The Future of Probate Properties in the UK: Trends and Predictions

Future of Probate Properties

There are always going to be trends in different markets and industries, regardless of how well-established those markets and industries might be. For instance, there are a number of laws and regulations surrounding probate properties which establish the process well; however, there are still changes, trends and subsequent predictions that can be made about the industry. This article is going to talk in more detail about the future of probate properties as well as contentious probate as there are many developments which are likely to occur between the end of 2023 and 2024.

What Is Probate?

Probate is the legal process that takes place after someone passes away. It involves validating their will (if they have one) and distributing their assets to the rightful heirs or beneficiaries. The will is verified and executors are appointed appropriately, any assets that make up the estate will be sold to settle liabilities, whilst other assets are passed on to the correct recipients. Probate also takes place if there isn’t a Will, but slightly differently as if there isn’t a Will in place then the individual is said to have passed away intestate, which means that the court will be responsible for appointing an administrator to see over the estate. Laws of intestacy will be applied to work out who will be rightly inheriting within the estate.

What is Probate Property?

Probate property doesn’t just apply to houses but instead applies to any assets which make up the estate of the deceased. The title can apply to property which will be distributed as per that laid out in the Will; however, it will also include assets that are left by an individual who passes away without a will.

Assets which are jointly owned (otherwise known as tenants-in-common) are also subject to probate. This usually applies to the likes of real estate as a lot of people, especially those in a relationship, jointly own their properties as opposed to owning them individually.

That being said, not all assets will pass through probate as those with a beneficiary designation will simply pass directly to whoever that beneficiary is outside of the probate process. This tends to apply to the likes of life insurance policies and retirement accounts.

Examples of Probate Property

There are many different assets which are subject to probate. Essentially, they will be subject if they are titled in the name of the person who has passed away and are not jointly owned, not payable on death and do not have any kind of beneficiary designation. It’s worth noting too that assets which are left out of a trust are also always subject to probate.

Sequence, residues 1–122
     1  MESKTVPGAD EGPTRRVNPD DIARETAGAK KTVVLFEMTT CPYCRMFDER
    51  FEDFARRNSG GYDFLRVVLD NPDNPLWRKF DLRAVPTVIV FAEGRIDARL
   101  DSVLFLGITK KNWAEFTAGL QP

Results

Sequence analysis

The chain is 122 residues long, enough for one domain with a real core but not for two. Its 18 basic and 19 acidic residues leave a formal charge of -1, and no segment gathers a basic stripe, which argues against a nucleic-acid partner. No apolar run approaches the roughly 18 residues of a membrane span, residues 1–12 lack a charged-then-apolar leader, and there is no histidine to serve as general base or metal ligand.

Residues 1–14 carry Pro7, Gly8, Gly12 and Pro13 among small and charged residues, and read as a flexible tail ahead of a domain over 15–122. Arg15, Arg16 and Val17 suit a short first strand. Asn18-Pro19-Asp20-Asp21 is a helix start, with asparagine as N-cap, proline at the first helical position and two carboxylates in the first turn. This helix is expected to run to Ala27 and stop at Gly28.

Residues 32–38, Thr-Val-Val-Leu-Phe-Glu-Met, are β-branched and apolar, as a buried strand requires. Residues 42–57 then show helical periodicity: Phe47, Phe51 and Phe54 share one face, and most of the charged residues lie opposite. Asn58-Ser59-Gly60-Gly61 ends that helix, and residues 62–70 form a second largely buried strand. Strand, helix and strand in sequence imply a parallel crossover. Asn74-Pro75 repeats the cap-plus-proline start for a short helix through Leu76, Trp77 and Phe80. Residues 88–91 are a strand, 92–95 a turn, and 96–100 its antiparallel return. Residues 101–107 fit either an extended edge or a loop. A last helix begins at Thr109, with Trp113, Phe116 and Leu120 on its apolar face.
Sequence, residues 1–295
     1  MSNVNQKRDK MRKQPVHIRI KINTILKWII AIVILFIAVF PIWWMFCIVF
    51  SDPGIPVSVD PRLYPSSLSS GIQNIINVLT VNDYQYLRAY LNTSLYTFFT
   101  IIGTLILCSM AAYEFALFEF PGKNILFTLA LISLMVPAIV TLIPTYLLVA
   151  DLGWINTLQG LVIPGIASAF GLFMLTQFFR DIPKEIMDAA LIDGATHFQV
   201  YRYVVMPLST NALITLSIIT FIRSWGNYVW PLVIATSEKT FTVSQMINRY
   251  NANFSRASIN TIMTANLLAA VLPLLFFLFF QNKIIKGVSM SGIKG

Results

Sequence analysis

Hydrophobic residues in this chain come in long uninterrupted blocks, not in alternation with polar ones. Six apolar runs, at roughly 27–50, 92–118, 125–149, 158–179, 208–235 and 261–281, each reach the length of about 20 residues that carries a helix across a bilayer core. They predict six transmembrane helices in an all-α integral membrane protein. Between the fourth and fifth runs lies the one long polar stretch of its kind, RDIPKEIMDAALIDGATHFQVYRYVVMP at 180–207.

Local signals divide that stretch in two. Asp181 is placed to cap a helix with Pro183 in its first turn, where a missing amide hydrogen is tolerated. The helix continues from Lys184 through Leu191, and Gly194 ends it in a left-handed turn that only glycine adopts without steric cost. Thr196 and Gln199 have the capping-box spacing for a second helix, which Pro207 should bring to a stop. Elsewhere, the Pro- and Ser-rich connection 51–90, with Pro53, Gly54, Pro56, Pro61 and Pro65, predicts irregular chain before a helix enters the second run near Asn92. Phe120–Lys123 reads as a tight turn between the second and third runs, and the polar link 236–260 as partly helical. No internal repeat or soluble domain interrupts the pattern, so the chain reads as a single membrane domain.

Some of the most common examples of probate property include:

  • Jewellery
  • Real Estate
  • Stocks and shares
  • Bank accounts (and other financial accounts)
  • Vehicles
  • Collectables
  • Business assets
  • Personal property

Overall Trends Throughout the Market

On the whole, the market value of the wills, trusts and probate sector increased by a moderate 4.3% throughout 2021, which means that there were a lot more probate properties available and more sales going through. 2022 also saw a growth of 5.2% which means this positive trajectory isn’t showing any means of slowing down anytime soon. In fact, the market as a whole is expected to continue to increase by an average of 4% every year. Work involving probates is also going to increase as a result, which includes the likes of valuing properties, selling them and also settling any disputes which may arise throughout the probate process.

The Value of Estates

Another common trend that we are seeing is that the value of estates is steadily decreasing. This is interesting when the rate of inflation and general price of things is considered, people would expect estates to increase in value as opposed to decrease. As of 2021, the average estate was worth about £167,000. This number decreased by £13,000 in 2022 and is currently sitting at about £154,000. There is a clear trend here which shows that the value of probated estates is starting to decrease about 45% of estates are now worth £50,000 or less, which is a 5% increase from 2021.

Death Rates

2020 recorded the highest number of deaths in total since 1838. The global pandemic impacted a large number of people and this can be seen in these death rates given one in eight of the deaths was due to COVID-19, in fact, COVID was the leading cause of death in both 2020 and 2021. Other common killers include the likes of heart disease, stroke and lung cancer, and even though these were overshadowed by COVID-19 throughout these years, deaths caused by them are still 10% higher than they were in the years prior to the pandemic.

Increased Use of Technology

Technology is now used a lot more frequently in various markets and as such, it isn’t surprising to hear that it is also being used a lot more when it comes to probate. Granted, the Wills and Probate sector has been relatively hesitant to change but the pandemic forced an increased reliance on technology for law firms and other organisations involved in the process. It means that not as many face-to-face appointments take place, there are video wills available and different documents can be signed electronically (which used to have to be done in person). Given the convenience and efficiency that comes with the increased reliance on technology, it is hardly a surprise that this is a trend we are likely to see only be used more.

Do You Need Help with Probate?

If you currently need assistance with probate and the probate process as a whole then there are experts on hand who are willing to help. At Probates Online our team is on hand to provide you with any assistance you need and can also simply provide advice if you need it. Should you have any questions or if you require any further information then please do not hesitate to get in touch